Say you are in my situation – mid- to early-40’s couple with 2+ children. If you’re working for $60,000 plus benefits, then there is a silent $14,000 that your company pays without your knowledge to keep your insurance current. That’s almost 25% of your income. If, however, you are the successful salesguy of the company, also mid-40’s with a wife and 2+ kids making $250,000 a year, $14,000 is also being paid for you – 5.6% of your income. In effect, the poorer workers are subsidizing the better paid workers. Don’t get me started on TARP-cashing bank CEO’s!

The insidiousness of this is that it is all completely invisible. You know you need a job with benefits, but you don’t know what they cost. You don’t know that it’s a tax, or that it’s a tax that forces the rich and the poor to pay the same dollar figure per person, even though the rich can afford more.

I don’t know what the best answer is to medical reform, but I can tell you that the current system is deeply broken and unnecessarily expensive. And unless those people who know the costs publish what they are paying, there is no way for others to (accurately) know the real price of medicine in the United States.

My data here is accurate, to-the-penny. And I’ve shopped for the cheapest, but best service that I could find. These figures are free for anyone to use, from either side of the debate, so long as they are attributed. And I encourage others with similar information to publish theirs.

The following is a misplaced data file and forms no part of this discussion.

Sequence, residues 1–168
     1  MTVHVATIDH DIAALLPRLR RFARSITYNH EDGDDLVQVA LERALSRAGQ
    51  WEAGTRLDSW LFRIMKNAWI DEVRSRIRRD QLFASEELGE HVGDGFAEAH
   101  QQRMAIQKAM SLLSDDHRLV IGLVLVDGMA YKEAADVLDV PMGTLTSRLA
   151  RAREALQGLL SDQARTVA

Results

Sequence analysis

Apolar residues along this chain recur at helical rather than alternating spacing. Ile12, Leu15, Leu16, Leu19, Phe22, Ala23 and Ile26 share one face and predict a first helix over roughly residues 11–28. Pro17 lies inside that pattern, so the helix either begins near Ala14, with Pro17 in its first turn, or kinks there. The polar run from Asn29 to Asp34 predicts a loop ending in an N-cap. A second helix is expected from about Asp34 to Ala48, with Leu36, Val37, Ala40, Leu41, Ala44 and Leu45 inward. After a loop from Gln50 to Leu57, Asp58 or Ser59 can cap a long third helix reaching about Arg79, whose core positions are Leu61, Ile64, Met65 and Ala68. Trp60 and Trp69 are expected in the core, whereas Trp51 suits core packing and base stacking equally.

3 Responses to “Medical Reform: The Cost Burden Now”

  1. CRS says:

    This is very interesting and thanks for posting. I think I may share it with my law class in our discussion of human rights, the UDHR and of course the article saying health care is a right. Did you see Dilbert’s blog(s) recently on healthcare? Interesting stuff.
    Question though: you added two new people. Aaron and Veronica were both added in these years. Didn’t they effect your cost?

  2. Ed Steussy says:

    At least for Kaiser, first and second children both add to the insurance cost. Children beyond that do not. It makes some sense – by child three, parents are more likely to be able to handle most basic illnesses themselves.

  3. CRS says:

    Plan Annual Cost
    Kaiser Permanente $9,479.40
    PacifiCare HMO $11,415.00
    PacifiCare POS $13,858.68

    We get to choose one of three plans. If we want to switch this is the time we must do it (open enrollment they call it) and FOI they posted the costs they pay per employee. Thought that you might be interested.